The problem lies in the design of the electric motors found in hybrid vehicles as they run almost silently when the car is driving on electric power alone. This has ruffled a few feathers with the vision-impaired, especially now that hybrid vehicles are the top sellers in Japan.
"We have received opinions from automobile users and vision-impaired people that they feel hybrid vehicles are dangerous," a transport ministry official explained to the Associated Press. "Blind people depend on sounds when they walk, but there are no engine sounds from hybrid vehicles when running at low speed" and on the electric motor, he said.
The Japanese government has now established a panel consisting of scholars, vision-impaired groups, consumers, police and the automobile industry to discuss the matter. One of the possible solutions the panel has come up with is to introduce a sound-making function in the hybrid vehicles.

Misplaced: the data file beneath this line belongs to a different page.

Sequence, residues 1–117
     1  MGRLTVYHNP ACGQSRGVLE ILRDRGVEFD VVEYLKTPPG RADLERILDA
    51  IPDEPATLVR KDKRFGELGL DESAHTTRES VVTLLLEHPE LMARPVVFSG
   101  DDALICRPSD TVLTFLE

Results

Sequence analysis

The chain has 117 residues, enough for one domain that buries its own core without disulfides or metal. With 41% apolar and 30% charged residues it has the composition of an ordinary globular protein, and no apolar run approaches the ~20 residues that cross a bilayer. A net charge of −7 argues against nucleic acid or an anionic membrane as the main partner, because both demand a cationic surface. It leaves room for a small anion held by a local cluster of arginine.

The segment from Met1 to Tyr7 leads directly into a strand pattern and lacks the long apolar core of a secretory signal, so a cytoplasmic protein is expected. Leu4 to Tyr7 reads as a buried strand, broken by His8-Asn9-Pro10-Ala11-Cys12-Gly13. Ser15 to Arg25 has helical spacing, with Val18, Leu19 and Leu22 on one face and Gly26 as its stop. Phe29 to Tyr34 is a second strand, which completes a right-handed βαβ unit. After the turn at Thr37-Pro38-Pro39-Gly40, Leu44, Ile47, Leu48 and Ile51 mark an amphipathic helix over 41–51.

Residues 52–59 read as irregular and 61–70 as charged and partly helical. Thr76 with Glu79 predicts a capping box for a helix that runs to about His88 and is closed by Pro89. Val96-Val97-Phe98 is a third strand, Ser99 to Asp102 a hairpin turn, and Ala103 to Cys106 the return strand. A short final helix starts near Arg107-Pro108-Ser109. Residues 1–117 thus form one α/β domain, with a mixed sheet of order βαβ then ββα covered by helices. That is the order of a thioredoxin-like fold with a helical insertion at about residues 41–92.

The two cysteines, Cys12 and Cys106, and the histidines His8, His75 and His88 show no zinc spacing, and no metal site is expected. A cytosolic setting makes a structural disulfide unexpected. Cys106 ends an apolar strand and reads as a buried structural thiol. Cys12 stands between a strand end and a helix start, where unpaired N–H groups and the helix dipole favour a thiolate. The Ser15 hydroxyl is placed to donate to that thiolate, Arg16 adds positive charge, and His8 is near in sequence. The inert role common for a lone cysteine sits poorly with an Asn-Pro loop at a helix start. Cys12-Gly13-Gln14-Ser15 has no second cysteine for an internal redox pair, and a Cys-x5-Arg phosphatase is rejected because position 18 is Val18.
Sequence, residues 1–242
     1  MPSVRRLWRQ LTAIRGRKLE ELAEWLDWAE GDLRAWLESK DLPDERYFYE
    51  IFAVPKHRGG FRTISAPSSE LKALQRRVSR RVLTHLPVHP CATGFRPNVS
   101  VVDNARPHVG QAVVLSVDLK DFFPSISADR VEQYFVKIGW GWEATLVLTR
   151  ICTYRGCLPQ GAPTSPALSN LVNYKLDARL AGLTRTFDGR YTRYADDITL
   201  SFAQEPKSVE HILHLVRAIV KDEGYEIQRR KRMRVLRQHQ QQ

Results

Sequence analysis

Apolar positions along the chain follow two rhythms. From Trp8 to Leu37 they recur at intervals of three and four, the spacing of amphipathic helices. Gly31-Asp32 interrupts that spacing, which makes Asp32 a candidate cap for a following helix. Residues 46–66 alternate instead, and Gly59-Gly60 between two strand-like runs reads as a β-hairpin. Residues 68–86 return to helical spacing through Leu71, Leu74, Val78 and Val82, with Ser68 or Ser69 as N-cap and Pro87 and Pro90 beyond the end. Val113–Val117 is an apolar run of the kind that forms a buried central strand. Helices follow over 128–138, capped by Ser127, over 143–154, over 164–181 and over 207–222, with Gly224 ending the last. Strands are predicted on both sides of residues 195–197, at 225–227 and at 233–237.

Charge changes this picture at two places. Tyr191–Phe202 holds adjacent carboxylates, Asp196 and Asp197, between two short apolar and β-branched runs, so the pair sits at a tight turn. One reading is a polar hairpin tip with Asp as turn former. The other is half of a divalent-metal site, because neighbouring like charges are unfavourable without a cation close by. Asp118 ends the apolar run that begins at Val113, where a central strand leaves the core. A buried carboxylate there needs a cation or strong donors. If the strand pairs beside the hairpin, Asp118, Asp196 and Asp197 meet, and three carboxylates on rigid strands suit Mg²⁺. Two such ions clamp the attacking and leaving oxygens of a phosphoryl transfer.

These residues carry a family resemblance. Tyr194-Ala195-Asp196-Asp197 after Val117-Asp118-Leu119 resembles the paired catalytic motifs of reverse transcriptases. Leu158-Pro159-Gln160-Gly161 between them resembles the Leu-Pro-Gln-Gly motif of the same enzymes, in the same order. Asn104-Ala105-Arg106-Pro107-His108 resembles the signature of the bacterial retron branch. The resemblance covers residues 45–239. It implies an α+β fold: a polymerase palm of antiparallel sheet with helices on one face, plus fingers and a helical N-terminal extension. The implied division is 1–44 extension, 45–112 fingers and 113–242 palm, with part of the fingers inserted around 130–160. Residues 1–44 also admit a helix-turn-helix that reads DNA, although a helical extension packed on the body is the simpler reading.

Lotus has already developed such a feature called Safe & Sound, which uses a combination of speakers, microphones and advanced processing to deliver a quiet cabin ride while also ensuring the people outside the car can hear it coming by simulating a brawnier combustion engine's sound. The technology is already available to automakers but so far no hybrid vehicles have featured it.